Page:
Monday, 26 May 2014
Casting Coup 1953: Julius Caesar
Look who’s blogging again?
Walter (The Silver Screening Room) is preparing to head back to 1953 to peruse what Oscar was enamoured with that year, and as a prelude to his excursion we’re recasting the Best Picture line-up. As Walter and I head into1953 there’ll be some specific focus on various categories (the Picture line-up is a curiosity in its own way, as is the Actress line-up). For now, though, it’s all about casting – in alphabetical order, but for the winner From Here to Eternity which we’ll get to on Friday.
The first film is Joseph L. Mankiewicz’s adaptation of Julius Caesar (which despite its title, you may recall is not focused on Caesar). Like many of Mankiewicz more successful films this one is star-studded, an excellent roster of notable actors of the era throughout the cast. Shakespeare adaptations are not quite as trendy as they used to be but with Macbeth to come and recent good pieces like Coriolanus maybe a Julius Caesar for 2014 would not be out of place. And what should it look like?
I tried to follow Mankiewicz's prototype of fairly well known actors throughout, but ones believable both in a Shakespeare piece and in ancient Rome.
Here are my suggestions.
...the wife of Brutus, worried that her husband is unwell and disappointed that he does not confide in her...
Played here by Naomi Watts
Portia only appears to question her husband about his condition, so the role demands an actor who can carve sensitivity immediately but not necessarily meekness. Naomi would be great here and she's different enough from Kerr for it not seem a retread. She'd be believably as a woman of the era, but not too fragile to be Brutus' wife.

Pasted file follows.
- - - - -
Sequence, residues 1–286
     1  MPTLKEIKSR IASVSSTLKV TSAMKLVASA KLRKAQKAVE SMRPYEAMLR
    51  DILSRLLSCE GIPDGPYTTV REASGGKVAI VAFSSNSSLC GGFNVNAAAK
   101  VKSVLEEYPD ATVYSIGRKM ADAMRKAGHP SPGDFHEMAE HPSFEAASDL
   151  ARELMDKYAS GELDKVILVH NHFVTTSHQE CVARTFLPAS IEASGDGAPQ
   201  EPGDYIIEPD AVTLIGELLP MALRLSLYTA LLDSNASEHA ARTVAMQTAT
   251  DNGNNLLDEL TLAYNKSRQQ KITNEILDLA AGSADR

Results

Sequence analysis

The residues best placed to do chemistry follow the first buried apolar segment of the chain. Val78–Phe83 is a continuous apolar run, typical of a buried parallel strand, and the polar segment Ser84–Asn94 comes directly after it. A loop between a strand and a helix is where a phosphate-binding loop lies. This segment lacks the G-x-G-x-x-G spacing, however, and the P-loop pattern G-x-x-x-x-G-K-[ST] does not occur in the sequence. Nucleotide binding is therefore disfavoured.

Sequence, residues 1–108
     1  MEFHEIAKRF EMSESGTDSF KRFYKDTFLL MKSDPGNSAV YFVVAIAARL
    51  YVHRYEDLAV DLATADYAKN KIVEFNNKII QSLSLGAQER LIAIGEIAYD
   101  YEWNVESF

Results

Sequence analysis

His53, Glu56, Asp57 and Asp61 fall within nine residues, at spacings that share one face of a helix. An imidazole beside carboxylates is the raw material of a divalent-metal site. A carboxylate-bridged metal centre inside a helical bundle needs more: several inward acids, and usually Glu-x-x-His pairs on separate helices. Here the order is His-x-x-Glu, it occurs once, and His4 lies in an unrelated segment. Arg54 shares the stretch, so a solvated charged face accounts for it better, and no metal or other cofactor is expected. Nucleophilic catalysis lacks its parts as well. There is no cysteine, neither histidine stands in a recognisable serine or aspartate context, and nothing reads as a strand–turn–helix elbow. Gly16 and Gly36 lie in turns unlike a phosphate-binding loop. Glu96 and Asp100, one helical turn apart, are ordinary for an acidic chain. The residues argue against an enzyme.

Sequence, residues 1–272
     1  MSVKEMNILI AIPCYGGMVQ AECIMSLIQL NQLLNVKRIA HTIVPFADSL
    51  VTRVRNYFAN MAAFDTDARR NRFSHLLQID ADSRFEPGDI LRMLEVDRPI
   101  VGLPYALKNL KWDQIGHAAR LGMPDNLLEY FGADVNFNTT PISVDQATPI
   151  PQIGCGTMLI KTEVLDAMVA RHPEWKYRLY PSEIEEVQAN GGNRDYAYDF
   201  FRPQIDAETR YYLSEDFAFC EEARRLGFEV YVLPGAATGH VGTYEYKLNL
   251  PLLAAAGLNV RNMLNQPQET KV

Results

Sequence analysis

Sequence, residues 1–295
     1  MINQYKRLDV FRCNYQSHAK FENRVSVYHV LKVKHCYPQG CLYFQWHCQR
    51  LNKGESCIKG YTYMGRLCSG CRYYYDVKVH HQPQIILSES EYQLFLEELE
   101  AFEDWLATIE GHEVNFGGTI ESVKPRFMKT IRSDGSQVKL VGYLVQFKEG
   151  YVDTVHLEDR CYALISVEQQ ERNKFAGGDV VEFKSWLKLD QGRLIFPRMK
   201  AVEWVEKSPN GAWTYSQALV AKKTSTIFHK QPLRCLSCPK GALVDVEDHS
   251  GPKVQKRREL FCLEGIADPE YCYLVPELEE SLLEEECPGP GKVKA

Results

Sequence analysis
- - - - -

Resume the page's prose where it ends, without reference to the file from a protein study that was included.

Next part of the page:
...wife of Caesar who has visions of his assassination...
Originally played by Greer Garson
Played here by Catherine Zeta-Jones
Calpurnia has but one real scene to give us anything and its a role, in its slightness, that seems almost too theatrical. Zeta-Jones is someone that could make those laments about prophesying death work and would probably have fun chewing that scenery.
...he appears in only a few scenes, but is the titular character; the commander whom the people respect...
Played here by Stephen Dillane
Dillane would be believably both as someone to root for and someone to root against. Caesar, as a character in the play, appearing in only five scenes isn't one we get to the root of so it would be depend on a performer who can suggest austerity but something potential more questionable underneath.
...more performers to tackle Shakespeare below the jump...
...one of the conspirators against Caesar he is most distrustful of Caesar’s ambition...
Played here by Gary Oldman
Oldman is a great character actor. He'd take on a different persona than O'Brien's Casca, but he'd be fascinating. Maybe some of the guile of James Gordon, the tenacity of Sheldon Runyon and the braggart nature of Sirius Black.
...a friend of Caesar, young and brave and a great speaker...
Played here by Dominic Cooper
I tried to shy away from casting a Marlon Brando and tried to focus on casting a Mark Antony, foremost. I had a physically larger actor in the role, but then Mark Antony, although a soldier is not necessarily one of brutish legend. Cooper is young enough to work as a follower of Caesar, but arresting enough to command an audience of mourners. And consider him my pet project - an actor who's been under the radar too long. He'd appreciate his moments and make the most of this role.
...the sly leader of the plot against Caesar, wily and wise but not malevolent...
Played here by Christoph Waltz
Who could duplicitous but avoid being smarmy? Believably play wily without being obnoxious? Waltz would be a good Cassius because his more memorable turns depend on him talking his way into our favour and Cassius' movement against Caesar depends on his power to convince Brutus with his words and his schemes.
...friend of Caesar and full of honour, but also increasingly doubtful of Caesar’s virtue as a leader..
Played here by Ralph Fiennes
I toyed with the idea of going younger for Brutus (and with him the entire cast) but no other actor felt right in the part. I've dreamed up Fiennes in a number of Shakespeare roles (imagine what his Macbeth could have been) and as he ages perhaps uncertain Brutus questioning his ideals as the years go by would be the ideal role for him. He'd be fine enough to make us forget Mason's indelible interpretation of the role.
Walter's cast should be up later in the day.
(A/N: I’ve not forgotten unfinished business from 2013. Soon.)